A social worker facing multiple allegations of harassment frequently overstepped sexual boundaries but was not a predator, a GSCC conduct committee was told.
Four women allege that Tom Starkey, a director of a children’s residential provider, continually asked them on dates, made sexually explicit comments and quizzed them about their personal lives while working with them between 1995 and 2005.
However, Nick Nenavich, co-director of Clifford House, where Starkey worked, told the hearing yesterday that he did not believe Starkey was a predator but could not see the impact of his behaviour. “I have often felt he has been unwell and in massive denial,” he said.
Nenavich added that the women, who made formal complaints against Starkey in 2005, had been frightened and fearful of reprisals.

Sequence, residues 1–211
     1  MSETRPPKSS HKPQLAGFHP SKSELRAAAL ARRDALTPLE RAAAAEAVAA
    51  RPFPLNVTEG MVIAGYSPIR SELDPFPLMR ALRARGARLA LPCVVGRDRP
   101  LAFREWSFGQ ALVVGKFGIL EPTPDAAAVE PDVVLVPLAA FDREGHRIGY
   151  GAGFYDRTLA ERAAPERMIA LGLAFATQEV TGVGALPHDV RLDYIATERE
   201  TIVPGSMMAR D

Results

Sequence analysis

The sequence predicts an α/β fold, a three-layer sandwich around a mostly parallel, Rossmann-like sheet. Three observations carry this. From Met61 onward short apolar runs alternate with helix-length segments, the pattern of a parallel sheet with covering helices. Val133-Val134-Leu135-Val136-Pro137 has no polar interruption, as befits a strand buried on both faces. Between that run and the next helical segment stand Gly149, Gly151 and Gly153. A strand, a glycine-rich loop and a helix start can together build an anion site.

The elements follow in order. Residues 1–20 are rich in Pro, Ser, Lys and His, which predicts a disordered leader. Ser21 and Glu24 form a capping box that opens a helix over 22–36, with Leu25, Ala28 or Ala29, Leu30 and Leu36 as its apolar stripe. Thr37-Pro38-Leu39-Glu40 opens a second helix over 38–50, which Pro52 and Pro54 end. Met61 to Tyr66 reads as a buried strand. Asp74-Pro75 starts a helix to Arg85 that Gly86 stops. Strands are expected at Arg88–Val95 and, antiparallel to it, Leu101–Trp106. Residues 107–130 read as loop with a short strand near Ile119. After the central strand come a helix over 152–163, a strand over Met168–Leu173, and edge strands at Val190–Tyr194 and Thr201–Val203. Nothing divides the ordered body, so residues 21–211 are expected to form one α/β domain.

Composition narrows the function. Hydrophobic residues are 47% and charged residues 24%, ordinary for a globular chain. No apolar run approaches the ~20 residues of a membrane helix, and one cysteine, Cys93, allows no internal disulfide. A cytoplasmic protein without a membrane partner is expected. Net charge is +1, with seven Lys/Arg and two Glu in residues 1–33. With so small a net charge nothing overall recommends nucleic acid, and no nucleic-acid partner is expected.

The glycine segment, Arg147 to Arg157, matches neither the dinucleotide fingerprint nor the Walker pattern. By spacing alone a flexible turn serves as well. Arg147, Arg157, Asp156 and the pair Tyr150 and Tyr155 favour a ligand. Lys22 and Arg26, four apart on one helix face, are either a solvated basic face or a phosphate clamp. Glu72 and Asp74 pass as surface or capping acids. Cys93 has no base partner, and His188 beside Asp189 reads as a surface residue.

Nenavich then hired independent social worker Joyce Brand to investigate the complaints. Her report upheld them and commented on the male culture operating in the organisation.
Brand told the hearing: “Mr Starkey remained convinced that what he said and did was not offensive,” adding that he had also been adamant that he was not a bully but had a forceful management style.
Staff, however, had described him as “hectoring and bullying”.
Starkey denies the allegations and says he had a relationship with one of the women making the claims.
The hearing, which began on Monday, continues.
Tom Starkey accused by four women of sexual harassment
Have you ever been sexually harassed at work? Take part in our poll